Essential Tips for First-Time Landlords

Essential Tips for First-Time Landlords

Being a real estate investor can be a big responsibility. If you buy a property alone, you could be left doing all of the work managing it.

You're not alone, as 70% of rental properties in the United States are owned by individual investors.

First-time landlords may be wondering how they can settle into this role. This guide will give you some tips.

Know Your Market

The first thing that you're going to want to do is make sure that you keep track of the latest market trends. This is because the market trends will give you a good idea of what you can charge for rent.

For example, you're not going to be able to charge the same rent in New Hampshire that you would in Boston. In New Hampshire, the average rent is around $1,950 per month.

Knowing this, you should be charging around this much in rent. There will be other variables such as what neighborhood your apartment building is in, how big the apartment is, what the condition of the apartment is, and more.

Regardless, you can still get a good idea of what you can charge in rent by doing a little market research.

Have an Emergency Fund

If you're going to invest in real estate, you need to treat this like it is your business. Part of operating a business is making sure that you have an emergency fund.

Over the course of your ownership, you're likely going to run into a large and unexpected expense. This can be anything from a maintenance nightmare to bad tenants, a possible lawsuit, more vacancies than you expected, and more.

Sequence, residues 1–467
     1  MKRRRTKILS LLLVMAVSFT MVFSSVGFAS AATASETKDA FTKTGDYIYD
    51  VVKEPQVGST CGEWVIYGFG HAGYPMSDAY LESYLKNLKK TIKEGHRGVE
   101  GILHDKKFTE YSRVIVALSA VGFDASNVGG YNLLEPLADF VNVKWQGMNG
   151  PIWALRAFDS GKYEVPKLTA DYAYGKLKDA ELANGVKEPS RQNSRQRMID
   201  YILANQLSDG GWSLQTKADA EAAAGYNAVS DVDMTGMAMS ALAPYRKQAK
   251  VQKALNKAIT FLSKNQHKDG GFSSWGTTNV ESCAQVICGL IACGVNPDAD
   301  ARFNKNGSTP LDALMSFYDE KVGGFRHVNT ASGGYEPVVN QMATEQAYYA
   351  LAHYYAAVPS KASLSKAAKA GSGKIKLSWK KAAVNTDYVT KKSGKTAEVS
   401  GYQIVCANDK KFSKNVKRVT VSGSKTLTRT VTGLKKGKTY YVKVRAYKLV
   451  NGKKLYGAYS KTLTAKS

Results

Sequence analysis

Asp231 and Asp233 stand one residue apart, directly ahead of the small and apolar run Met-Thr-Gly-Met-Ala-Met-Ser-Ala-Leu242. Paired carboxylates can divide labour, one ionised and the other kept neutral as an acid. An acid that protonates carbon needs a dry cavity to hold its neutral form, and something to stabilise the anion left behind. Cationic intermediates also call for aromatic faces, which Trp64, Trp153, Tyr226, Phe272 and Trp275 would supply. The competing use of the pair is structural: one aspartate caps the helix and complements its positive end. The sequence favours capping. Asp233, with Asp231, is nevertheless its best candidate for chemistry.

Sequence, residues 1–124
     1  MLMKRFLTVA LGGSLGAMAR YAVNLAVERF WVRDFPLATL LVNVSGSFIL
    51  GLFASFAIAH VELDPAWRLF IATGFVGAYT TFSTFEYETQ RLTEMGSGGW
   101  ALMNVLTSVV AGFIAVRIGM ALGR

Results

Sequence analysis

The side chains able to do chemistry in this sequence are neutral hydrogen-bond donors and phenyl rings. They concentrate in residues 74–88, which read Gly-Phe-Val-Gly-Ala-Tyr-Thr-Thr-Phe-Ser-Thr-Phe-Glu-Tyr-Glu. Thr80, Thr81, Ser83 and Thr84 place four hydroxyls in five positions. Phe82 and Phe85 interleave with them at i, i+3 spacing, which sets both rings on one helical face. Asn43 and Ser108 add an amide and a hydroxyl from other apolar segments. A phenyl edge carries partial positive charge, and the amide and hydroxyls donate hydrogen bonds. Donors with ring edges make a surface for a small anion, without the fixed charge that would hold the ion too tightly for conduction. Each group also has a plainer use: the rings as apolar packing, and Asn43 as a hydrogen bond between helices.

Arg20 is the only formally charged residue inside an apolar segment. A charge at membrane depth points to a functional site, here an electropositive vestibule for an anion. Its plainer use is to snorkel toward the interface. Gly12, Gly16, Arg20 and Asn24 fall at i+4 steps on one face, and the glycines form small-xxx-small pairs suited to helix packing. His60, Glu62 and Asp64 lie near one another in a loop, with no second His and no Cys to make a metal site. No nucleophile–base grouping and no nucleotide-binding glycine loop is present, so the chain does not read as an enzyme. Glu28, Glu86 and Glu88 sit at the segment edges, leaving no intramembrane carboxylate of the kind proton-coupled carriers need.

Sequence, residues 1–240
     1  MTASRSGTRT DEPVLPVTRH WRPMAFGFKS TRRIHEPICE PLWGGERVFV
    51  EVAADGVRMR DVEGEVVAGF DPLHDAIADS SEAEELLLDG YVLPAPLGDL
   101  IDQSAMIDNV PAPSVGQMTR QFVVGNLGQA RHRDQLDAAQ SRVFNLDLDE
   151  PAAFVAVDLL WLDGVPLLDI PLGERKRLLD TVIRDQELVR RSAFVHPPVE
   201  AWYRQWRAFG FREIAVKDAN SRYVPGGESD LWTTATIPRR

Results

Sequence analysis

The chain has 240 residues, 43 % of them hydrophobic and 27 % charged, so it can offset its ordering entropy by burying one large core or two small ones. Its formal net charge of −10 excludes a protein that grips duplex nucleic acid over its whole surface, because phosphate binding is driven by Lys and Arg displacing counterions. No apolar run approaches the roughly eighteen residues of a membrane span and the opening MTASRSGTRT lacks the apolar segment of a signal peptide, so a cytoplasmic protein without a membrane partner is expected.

As a real estate investor, you need to be prepared for anything that gets thrown your way. Having an emergency fund can help you weather those storms.

Screen Tenants

Before you allow a tenant to live in one of your apartments, make sure you do your homework to find out what kind of tenants you're getting paired up with.

What is their credit history? Do they have a criminal record? Do they have proof of income? What does your gut say when you speak to them?

These are all questions that can be answered by not rushing into filling a vacancy. Take the time to interview any potential tenants as well as get their consent to run a background check on them. If everything checks out after that, feel free to move forward with them.

Landlords Can Receive Help

First-time landlords are likely feeling a bit nervous and intimidated about owning a property. However, if you screen your tenants carefully, make sure you have an emergency fund, and do your homework on the market that you invested in, you should be fine.

If that's not enough, there's an option where you can receive some help. You can hire a property management company.

Do you want to know more? Message us here with your questions.